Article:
ATP reading notes 2 – the first 4 principles of the rhizome

There are 6 principles of the rhizome that are outlined in the first chapter of ATP. They are introduced as ways of characterising the rhizome, although these are only “approximate characteristics” (ATP 7). There is something a little incongruous about the way they are introduced. The function of these characteristics, approximate as they may be, is to give a definition for the key methodological framework of the book, the rhizome, but the way that D&G introduce this set of defining principles is by saying that “we get the distinct feeling that we will convince no one unless we enumerate certain approximate characteristics of the rhizome” (ibid). The element of this that strikes me as incongruous is this way of phrasing things – “we get the distinct feeling that we will convince no one…” – which sounds almost patronising or dismissive. On the one hand, presumably, they are acknowledging an intention to ‘convince’ but on the other hand the ‘distinct feeling’ reads as though it were a kind of realisation that the people they are trying to convince would fail to follow along if D&G were to simply do their own thing. It’s as though these principles are offered as a kind of sop to stupidity, as though the need for a clear definition cannot be avoided, even though such a definitional mode is itself almost inherently non-rhizomatic because it presents itself as a foundational moment, a root or radicle.

This performative paradox of a text that advocates rhizomatic readings having to begin by defining what a rhizome is as its foundation is most likely what underlies this odd way of introducing the principles of the rhizome. Despite what they say later in this introduction, that “a rhizome has no beginning or end; it is always in the middle, between things, interbeing, intermezzo” (ATP 25), the book has a physical front and back, it presents in a linear fashion, it builds upon itself as it progresses, it’s a tree, not a rhizome. Advocating for a rhizomatic book inside a book that is classically formed is most odd. In a time of non-linear text functions, with hyperlinks and e-books offering all range of possible horizons of reading, ATP feels a little old-fashioned and incongruous in many ways, advocating for a future in a form from the past that seems almost childishly limited in its possibilities. At the same time, the worry is that something deeper than mere form is the source of the problem here, something closer to the very function of philosophy, reason, argument and ‘convincing’ intellectual positions. Is it, in fact, possible to conceive a rhizomatic thought, one that can begin from the middle? Doesn’t all thought get structured by the fact that it always must begin somewhere and that this beginning is never, can never be, a middle? The problem of the ‘beginning’ of thought would take us right back to Hegel, Husserl and Heidegger and their obsessions with beginnings, and perhaps it’s as an attempt to break away from this that best accounts for the move towards the rhizome.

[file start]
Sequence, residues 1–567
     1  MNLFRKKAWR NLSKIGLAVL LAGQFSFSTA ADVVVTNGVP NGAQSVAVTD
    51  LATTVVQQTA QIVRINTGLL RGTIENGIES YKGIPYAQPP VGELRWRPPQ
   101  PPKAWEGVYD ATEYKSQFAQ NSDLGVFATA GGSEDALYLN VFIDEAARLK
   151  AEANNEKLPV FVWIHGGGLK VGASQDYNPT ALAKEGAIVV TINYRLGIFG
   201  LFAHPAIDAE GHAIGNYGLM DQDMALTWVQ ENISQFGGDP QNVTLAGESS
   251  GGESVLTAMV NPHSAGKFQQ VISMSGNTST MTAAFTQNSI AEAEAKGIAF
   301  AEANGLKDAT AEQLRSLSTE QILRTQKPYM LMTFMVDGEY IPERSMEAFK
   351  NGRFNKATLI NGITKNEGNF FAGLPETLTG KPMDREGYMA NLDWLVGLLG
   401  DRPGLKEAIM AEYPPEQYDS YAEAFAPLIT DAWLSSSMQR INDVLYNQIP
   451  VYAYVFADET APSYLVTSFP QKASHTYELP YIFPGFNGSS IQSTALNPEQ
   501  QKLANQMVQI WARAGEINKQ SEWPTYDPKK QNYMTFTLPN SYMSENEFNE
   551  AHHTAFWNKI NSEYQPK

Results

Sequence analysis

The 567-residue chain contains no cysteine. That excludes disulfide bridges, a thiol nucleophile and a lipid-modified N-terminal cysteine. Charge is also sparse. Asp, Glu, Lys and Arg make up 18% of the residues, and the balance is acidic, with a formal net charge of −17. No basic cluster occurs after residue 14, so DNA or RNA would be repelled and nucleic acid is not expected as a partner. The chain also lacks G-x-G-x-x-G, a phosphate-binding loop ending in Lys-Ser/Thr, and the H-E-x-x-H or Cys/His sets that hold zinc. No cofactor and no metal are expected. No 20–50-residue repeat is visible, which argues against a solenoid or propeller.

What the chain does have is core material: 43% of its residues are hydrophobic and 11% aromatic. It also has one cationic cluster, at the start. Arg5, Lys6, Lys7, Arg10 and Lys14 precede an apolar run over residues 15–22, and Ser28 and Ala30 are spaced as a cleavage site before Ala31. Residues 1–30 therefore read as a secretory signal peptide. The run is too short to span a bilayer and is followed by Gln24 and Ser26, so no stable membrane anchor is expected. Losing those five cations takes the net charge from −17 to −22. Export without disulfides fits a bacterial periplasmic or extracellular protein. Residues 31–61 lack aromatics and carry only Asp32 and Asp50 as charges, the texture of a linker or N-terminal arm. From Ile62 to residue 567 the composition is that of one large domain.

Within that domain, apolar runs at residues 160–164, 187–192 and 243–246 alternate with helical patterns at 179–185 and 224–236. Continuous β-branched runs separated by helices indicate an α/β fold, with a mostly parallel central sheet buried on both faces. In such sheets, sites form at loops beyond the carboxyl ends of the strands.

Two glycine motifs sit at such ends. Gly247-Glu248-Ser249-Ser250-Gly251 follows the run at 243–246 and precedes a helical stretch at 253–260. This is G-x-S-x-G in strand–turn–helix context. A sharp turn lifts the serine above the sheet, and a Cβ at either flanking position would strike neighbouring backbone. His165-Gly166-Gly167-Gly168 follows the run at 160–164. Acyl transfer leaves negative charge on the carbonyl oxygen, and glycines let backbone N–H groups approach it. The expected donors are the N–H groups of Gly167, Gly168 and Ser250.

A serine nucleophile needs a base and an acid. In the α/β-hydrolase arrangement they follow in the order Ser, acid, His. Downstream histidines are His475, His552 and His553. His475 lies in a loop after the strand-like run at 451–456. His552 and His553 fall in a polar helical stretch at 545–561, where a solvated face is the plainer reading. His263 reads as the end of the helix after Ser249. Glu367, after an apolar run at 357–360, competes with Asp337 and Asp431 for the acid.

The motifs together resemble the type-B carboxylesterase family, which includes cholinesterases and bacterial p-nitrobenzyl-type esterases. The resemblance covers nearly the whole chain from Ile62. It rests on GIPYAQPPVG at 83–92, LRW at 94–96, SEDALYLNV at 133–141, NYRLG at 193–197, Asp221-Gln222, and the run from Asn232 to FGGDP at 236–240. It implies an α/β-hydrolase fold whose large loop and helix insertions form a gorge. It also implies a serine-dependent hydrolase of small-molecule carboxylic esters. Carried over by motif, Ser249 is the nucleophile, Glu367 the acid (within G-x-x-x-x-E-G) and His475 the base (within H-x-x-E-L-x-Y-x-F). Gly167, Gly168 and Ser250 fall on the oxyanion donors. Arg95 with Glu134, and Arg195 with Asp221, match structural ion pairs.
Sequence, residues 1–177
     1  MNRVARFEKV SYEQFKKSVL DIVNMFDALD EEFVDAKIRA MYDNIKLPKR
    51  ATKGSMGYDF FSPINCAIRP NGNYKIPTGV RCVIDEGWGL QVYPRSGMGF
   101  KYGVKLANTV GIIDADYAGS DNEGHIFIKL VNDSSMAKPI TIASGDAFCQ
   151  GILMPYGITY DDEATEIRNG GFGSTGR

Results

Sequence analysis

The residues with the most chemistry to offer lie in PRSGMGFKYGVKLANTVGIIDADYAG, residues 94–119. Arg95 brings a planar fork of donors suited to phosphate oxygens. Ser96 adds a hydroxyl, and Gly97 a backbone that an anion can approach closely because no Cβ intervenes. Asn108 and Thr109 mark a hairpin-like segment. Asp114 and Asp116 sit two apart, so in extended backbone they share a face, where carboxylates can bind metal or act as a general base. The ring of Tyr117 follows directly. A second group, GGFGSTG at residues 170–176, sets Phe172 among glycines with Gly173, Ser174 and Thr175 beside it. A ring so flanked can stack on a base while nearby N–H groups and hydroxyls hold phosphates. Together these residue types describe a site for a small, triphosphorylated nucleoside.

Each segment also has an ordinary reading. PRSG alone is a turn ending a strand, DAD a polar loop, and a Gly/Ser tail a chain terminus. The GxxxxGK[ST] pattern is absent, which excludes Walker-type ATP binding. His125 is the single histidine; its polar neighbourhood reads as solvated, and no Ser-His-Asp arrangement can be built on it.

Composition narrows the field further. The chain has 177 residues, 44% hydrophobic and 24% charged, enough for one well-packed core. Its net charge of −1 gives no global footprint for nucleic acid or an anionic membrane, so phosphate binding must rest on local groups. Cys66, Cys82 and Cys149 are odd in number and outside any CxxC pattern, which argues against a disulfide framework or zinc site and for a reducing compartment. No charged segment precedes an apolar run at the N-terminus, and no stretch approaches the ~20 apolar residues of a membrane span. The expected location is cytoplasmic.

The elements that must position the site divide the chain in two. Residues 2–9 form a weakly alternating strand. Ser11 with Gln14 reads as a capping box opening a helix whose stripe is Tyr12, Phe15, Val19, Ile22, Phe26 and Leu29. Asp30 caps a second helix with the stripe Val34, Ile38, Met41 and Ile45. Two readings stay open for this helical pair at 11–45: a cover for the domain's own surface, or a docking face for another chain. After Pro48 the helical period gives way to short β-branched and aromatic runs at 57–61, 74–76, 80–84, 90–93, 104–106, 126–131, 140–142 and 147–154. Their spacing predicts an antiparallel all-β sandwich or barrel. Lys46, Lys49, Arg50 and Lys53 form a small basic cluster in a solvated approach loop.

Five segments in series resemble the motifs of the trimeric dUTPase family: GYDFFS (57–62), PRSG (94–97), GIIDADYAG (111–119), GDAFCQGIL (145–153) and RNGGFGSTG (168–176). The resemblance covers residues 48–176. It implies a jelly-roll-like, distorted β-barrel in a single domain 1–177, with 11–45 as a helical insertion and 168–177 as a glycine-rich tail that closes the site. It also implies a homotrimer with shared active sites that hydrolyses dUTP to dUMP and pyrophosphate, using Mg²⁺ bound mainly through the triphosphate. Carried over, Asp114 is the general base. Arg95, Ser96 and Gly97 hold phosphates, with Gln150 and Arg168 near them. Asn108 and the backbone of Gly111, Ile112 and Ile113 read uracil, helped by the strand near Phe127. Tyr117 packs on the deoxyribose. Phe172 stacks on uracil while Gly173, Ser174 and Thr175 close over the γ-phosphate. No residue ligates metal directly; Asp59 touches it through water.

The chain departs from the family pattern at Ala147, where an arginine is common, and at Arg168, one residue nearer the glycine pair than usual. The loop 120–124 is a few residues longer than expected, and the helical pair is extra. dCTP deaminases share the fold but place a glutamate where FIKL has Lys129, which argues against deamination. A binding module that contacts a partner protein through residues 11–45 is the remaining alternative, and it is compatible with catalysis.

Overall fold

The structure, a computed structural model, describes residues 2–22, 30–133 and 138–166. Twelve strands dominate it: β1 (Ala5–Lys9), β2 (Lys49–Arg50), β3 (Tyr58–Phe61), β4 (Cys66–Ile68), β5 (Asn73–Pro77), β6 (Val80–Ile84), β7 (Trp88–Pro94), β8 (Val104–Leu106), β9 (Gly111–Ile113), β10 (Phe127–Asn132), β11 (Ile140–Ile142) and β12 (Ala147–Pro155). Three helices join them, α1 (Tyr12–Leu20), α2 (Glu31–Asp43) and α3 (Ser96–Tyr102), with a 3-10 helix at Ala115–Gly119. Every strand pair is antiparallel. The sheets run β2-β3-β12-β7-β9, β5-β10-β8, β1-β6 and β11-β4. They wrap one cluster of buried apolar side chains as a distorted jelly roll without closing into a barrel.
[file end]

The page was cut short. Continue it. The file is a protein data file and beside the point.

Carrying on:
The six principles are as follows:

  • 1 and 2 – principles of connection and heterogeneity
  • 3 – principle of multiplicity
  • 4 – principle of asignifying rupture
  • 5 and 6 – principles of cartography and decalcomania